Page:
When I moved to Alaska, I was green. So green. I saw the world through the eyes of the 22 years old idealist that I was; a world where every damaged person and every fractured limb of our broken world could be made whole again with a little TLC.
That idealism drove me to teach; first, high school in North Carolina and then adults at a little non-profit in Alaska. That’s where I first met Bob. He was the Deputy Director at the time I was hired. Seasoned, grounded, witty, and kind, I immediately gravitated to him for his counsel.
As the years passed, I grew in my career (and myself) at this little non-profit and it was undoubtedly because of a handful of mentors, Bob being at the top of that list. He saw something in me that I didn’t see in myself. As all strong leaders do, he drew that ‘something’ out of me and helped her shine. Even in the times my idealism waxed and waned.
When I was a continent away from my own, Bob became a father-figure to me. There was no doubt in my mind, that if I needed anything while living thousands of miles away from home, he and his beloved wife, Colleen, would be there to help in any way they could. I’ve lived in many places, and I live in a place now where most people keep strangers at arm’s length. And it is rare to find people who, alternatively, take strangers under their wing to help them grow, to feel secure or less homesick, to feel loved…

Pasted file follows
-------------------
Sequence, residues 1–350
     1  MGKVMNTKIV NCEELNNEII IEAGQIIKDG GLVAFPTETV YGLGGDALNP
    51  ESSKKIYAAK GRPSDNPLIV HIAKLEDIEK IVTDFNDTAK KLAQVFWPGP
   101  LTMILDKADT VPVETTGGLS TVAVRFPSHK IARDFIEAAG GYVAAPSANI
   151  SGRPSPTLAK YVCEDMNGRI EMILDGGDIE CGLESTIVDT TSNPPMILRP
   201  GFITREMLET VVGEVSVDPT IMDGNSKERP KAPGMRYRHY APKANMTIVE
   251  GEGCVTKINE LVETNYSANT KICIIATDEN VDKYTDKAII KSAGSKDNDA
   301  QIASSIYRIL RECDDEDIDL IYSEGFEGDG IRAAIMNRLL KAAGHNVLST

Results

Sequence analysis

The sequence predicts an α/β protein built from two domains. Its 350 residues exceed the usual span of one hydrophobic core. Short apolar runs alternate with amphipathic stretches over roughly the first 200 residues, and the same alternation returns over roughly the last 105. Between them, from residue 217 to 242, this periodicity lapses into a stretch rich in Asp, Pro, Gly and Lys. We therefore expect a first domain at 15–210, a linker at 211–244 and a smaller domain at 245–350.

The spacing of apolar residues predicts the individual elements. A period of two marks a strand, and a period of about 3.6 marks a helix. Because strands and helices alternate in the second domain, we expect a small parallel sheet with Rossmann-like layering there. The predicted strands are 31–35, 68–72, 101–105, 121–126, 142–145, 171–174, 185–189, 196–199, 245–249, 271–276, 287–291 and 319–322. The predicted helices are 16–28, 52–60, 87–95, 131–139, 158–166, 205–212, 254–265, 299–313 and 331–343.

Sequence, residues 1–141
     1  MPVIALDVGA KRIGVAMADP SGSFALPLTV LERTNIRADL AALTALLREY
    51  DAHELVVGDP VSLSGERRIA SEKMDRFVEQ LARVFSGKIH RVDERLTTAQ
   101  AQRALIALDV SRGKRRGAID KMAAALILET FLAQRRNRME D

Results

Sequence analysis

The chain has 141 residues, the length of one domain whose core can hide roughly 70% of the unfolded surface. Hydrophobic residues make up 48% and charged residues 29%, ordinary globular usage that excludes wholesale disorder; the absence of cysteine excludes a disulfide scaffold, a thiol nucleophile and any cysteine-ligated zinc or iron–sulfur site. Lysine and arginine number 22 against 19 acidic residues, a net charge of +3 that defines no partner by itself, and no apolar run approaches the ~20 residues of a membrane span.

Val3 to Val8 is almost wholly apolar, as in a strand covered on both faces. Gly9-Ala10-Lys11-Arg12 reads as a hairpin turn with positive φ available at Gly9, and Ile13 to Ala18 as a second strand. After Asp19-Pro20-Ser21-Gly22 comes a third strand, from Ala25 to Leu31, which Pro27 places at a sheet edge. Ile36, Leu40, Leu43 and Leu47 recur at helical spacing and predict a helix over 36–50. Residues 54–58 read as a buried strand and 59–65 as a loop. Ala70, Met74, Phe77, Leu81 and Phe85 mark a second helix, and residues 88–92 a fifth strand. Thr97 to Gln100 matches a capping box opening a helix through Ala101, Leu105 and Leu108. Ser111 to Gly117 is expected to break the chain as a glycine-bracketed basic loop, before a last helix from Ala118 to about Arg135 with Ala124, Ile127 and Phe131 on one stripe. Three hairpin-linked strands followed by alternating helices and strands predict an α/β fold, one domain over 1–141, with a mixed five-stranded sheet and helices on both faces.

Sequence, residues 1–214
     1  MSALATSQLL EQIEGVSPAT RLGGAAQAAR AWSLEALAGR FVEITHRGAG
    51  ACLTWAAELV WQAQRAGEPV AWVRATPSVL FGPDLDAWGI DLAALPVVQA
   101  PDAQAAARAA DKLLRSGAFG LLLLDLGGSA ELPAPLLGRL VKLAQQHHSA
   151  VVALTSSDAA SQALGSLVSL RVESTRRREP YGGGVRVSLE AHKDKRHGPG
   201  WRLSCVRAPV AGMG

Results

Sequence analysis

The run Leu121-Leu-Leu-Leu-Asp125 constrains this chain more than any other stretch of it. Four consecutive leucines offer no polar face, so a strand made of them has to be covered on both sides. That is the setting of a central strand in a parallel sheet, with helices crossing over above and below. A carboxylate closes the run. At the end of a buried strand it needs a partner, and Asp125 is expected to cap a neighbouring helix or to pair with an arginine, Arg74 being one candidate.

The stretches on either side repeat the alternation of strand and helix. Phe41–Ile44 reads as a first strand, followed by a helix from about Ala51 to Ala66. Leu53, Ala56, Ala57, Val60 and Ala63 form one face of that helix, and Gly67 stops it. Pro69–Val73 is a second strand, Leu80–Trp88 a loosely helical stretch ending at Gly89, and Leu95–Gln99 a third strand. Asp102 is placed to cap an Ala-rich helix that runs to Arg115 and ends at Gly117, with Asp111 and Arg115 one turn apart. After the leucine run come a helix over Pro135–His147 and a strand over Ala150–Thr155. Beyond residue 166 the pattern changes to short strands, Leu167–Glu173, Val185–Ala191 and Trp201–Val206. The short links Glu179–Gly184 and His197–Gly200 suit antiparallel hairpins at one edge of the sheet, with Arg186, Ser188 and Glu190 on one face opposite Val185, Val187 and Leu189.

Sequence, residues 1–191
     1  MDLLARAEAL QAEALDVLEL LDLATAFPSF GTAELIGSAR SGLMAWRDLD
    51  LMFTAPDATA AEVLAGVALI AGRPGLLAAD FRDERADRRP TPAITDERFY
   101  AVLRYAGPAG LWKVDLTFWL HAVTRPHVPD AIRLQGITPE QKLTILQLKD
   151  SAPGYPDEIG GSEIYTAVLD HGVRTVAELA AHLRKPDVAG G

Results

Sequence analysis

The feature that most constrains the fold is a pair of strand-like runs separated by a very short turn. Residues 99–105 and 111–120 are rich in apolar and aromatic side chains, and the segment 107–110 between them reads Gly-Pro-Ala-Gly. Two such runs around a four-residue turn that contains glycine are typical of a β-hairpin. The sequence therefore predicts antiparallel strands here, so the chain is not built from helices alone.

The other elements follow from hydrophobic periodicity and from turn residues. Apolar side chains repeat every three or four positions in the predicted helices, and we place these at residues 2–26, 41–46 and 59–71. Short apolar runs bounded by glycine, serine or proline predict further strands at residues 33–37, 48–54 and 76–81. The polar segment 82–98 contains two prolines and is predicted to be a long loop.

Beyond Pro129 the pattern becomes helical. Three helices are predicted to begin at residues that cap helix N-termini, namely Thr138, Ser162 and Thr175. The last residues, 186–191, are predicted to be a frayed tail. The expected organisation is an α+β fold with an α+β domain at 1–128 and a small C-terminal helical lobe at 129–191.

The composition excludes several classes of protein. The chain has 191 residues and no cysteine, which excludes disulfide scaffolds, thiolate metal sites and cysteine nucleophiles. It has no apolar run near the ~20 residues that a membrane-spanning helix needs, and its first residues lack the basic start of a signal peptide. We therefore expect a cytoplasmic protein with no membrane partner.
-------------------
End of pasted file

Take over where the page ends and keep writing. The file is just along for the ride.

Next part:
I found out Sunday that Bob passed away. And my heart is broken.
I selfishly look at my broken heart at this moment and know it will be made whole again with time. And calling on memories to help me remember all the lessons, the laughs, and the comfort I received from my colleague and friend.
One weekend, Chris and I were invited by Bob and another coworker, Tom, to accompany them on their yearly fishing trip to Valdez. We jumped at the chance to go, packing our little Subaru with all the camping gear we owned and headed south for the long weekend.
When we arrived, as the skies in Valdez are prone to do, the clouds dumped rain on us while we were setting up our tent. They dumped rain on us nearly every moment of that trip. But it didn’t interfere with us having a good time.
The night before our big fishing adventure, Bob, Chris, Tom, and I huddled under the lip of Tom’s camper. We grilled out. And we drank Crown Royal. There was so much Crown Royal. That night, I learned about Bob’s time in Vietnam. He served our country as an aviation medical technician/hospital corpsman in the Navy. I learned about his family, his time as a broadcast journalist in Washington state, and his time as a teacher and administrator. Through every reinvention, he cared about people. Here was a man coming to the end of his 2nd act, working fewer hours and looking forward to retirement, and he still managed to believe in a world where every damaged person and every fractured limb of our broken world could be made whole again with a little TLC. If he could hold on to that idea well into his 2nd act, I could hold on to it too.
The next day, we fished. We caught our fair share of salmon. Bob got just as much delight in seeing me reel in a fish as he did reeling in a big one himself. Because that was the type of person he was.
Tonight, I will honor Bob’s memory the best way I know how; with a swig of Crown Royal under the stars.